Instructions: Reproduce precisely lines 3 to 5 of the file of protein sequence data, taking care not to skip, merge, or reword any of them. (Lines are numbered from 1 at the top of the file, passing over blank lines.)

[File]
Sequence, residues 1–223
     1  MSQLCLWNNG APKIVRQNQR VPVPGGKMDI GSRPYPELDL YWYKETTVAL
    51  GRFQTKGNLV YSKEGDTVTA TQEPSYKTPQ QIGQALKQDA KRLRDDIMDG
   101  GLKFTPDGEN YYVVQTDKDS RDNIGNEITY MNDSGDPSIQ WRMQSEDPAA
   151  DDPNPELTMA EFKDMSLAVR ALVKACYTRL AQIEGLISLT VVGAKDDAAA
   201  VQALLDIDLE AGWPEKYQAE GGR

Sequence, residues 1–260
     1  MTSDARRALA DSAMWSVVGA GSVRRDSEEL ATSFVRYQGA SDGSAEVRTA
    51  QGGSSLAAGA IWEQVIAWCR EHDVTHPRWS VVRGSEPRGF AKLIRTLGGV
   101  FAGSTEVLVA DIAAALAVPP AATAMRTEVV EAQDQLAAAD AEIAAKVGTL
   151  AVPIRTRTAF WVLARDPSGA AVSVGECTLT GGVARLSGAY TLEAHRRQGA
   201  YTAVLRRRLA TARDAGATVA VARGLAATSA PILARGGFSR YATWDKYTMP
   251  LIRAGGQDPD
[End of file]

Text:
    51  GRFQTKGNLV YSKEGDTVTA TQEPSYKTPQ QIGQALKQDA KRLRDDIMDG
   101  GLKFTPDGEN YYVVQTDKDS RDNIGNEITY MNDSGDPSIQ WRMQSEDPAA
   151  DDPNPELTMA EFKDMSLAVR ALVKACYTRL AQIEGLISLT VVGAKDDAAA